For field biologists, winter is typically the time of year when we hunker down, pore over data, fix gear, drink lots of coffee, and dream of spring when
Graduate students, staff, and volunteers from the North Cascades Institute are working in partnershipwith the Cascades Carnivore Connectivity Project to evaluate habitat connectivity for carnivores in the North Cascades Ecosystem (NCE). Specifically, we are spending the winter trying to obtain American marten (Martes americana) hair samples as part of a landscape genetic study.
American martens are members of the weasel family Mustelidae and, despite the fact that they are rarely seen, are common inhabitants of Pacific Northwest alpine ecosystems. By determining the genetic structure of their populations, we can assess the connectivity of marten habitat within their range. In other words: How closely related is Marten A to Marten B? Like the rest of NCE’s native carnivores (wolverines, lynx, wolves, bears, etc.), martens must be able to roam freely through vast landscapes in order to obtain food, mates, and breeding territories. Wide-ranging mobility is also critical to ensure that populations do not become genetically isolated (population bottleneck).
The biggest barrier to gene flow for our native carnivores is human development. This study aims to look at one kind of development in particular: highways. By obtaining hair samples of American martens (and in the summer months, black bears) on the north and south sides of Highways 90, 2, and 20, researchers will be able to determine how much of an impediment these major roads pose to north-south movements of carnivores.
Graduate Students Jacob Belsher and Alex Patia celebrate a small victory for science upon finding marten hairs left behind on Sourdough Mountain.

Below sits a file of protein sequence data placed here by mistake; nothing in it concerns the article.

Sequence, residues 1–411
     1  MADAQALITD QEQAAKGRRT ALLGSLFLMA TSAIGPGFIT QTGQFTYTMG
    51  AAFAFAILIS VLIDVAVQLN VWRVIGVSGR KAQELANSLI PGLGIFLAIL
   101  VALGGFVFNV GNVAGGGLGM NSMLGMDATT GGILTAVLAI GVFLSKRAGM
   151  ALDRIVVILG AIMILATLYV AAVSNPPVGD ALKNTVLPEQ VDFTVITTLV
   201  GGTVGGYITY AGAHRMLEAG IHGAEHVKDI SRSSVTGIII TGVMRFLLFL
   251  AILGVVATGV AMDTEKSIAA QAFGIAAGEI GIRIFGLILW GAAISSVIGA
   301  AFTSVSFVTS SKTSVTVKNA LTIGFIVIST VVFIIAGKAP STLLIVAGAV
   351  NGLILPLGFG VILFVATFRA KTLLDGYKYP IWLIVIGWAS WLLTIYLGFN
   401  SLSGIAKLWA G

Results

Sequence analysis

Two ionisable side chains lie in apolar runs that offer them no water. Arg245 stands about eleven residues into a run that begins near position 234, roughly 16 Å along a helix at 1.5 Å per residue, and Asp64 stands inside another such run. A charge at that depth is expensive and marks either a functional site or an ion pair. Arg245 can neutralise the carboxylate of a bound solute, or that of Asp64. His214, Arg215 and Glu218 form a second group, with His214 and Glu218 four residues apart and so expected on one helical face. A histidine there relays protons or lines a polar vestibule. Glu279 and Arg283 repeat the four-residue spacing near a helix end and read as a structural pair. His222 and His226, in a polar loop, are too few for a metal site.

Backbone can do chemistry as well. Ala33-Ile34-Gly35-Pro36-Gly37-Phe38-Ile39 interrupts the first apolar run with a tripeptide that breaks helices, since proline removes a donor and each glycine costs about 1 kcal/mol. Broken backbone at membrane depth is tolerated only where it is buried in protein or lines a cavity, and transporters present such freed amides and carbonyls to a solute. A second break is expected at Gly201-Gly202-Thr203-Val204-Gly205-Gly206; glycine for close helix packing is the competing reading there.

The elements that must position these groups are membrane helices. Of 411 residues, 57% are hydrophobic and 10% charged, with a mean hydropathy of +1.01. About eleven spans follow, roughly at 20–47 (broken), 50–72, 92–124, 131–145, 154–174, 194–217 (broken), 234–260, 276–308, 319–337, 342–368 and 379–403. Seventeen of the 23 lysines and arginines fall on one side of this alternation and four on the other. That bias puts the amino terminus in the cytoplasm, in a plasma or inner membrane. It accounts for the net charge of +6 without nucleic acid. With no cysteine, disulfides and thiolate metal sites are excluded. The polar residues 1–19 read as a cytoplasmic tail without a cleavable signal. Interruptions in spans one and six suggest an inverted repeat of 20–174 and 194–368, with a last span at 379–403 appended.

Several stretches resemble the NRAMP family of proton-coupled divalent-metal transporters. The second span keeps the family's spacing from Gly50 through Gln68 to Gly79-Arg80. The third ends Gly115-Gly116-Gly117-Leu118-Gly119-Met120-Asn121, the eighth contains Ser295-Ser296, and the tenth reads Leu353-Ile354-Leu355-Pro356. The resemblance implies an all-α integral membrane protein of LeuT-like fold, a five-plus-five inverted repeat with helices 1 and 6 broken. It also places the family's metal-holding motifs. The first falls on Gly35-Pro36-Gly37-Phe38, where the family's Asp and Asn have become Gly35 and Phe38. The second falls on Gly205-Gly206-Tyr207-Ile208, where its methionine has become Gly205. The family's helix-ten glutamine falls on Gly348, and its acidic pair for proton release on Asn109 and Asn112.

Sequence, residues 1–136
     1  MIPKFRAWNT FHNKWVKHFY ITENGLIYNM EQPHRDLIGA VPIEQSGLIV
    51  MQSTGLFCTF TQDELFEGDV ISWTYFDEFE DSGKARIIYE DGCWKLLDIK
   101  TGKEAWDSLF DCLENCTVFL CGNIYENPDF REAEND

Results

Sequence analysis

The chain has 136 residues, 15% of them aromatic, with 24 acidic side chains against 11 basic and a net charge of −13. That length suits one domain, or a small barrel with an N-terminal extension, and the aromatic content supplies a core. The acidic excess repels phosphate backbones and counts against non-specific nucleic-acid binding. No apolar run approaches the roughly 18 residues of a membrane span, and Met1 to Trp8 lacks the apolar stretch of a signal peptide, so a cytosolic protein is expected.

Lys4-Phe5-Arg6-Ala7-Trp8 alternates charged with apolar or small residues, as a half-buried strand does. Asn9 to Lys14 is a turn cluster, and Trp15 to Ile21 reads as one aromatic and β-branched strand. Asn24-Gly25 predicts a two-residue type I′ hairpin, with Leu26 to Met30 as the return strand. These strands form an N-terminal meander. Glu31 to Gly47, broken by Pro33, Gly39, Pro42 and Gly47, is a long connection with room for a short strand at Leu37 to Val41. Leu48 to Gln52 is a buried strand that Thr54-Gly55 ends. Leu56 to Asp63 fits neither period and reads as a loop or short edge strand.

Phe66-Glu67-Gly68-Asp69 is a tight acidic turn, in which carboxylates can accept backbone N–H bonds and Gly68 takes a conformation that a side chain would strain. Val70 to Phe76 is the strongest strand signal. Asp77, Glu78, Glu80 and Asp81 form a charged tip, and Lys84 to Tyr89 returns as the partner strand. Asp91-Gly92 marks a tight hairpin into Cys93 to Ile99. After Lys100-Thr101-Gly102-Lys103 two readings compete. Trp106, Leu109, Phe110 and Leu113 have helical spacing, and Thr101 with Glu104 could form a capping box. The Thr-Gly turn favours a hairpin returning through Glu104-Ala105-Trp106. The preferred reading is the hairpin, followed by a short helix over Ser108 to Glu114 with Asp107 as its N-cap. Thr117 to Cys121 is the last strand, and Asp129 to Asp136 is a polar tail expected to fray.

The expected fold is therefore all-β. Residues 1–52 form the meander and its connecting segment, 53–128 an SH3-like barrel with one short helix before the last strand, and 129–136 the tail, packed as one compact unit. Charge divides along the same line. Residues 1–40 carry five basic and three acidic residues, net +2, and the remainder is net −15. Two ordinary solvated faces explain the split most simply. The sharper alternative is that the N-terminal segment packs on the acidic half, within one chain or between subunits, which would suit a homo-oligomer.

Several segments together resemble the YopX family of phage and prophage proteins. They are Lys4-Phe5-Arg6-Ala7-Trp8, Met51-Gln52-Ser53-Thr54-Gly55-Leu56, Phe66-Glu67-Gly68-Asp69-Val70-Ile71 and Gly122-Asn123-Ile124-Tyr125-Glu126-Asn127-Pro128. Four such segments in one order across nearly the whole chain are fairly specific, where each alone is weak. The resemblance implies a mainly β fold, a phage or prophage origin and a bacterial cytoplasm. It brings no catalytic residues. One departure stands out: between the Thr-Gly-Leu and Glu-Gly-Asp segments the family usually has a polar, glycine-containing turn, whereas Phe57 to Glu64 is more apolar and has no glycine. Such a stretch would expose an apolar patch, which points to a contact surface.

So, where does the North Cascades Institute come in? We are installing hair snares along Highway 20 in order to non-invasively collect a few precious hairs from martens. It works like this: we ski or snowshoe into pre-determined sample sites away from the road, find what looks to be quality marten habitat, hang a ‘bole snare’ (a collection of stiff-bristled brushes under a plastic cover) and then… wait for it… spread the planet’s most horrific smelling concoction all around the snare. Apparently, martens can’t resist the smell: dead skunk, combined with castor and muskrat musk, and (according to the manufacturer’s website) ‘special agents’, that all combine to give you the olfactory version of a heavyweight’s knockout blow. Just writing about it makes me crinkle my nose in disgust.
Graduate Student Susan Brown bravely spreads scent lure on a hair snare at Green Point on Ross Lake.
Regardless of how bad it smells, the scent lure seems to work. So far this winter, we’ve obtained marten hair samples from half of the hair snares that we’ve set up. This is great news for the research project, and potentially great news for American martens. Factors such as increased urbanization and climate change loom as very real threats to a healthy future for martens and other carnivores in the Northwest.
There is little doubt that human development and climate change will eliminate or alter habitats, potentially requiring certain animal populations to undergo major geographical shifts. The Cascades Carnivore Connectivity Project will allow scientists to evaluate current habitat connectivity and should go a long way in informing future transportation planning and carnivore conservation in the North Cascades. Hopefully that will mean a sweet smelling future for the marten.
A giant Douglas fir near North Cascades Institute’s Environmental Learning Center is a potential indicator of great marten habitat.
All photos taken by remote cameras and courtesy of Jeff Anderson and Graduate Student research team.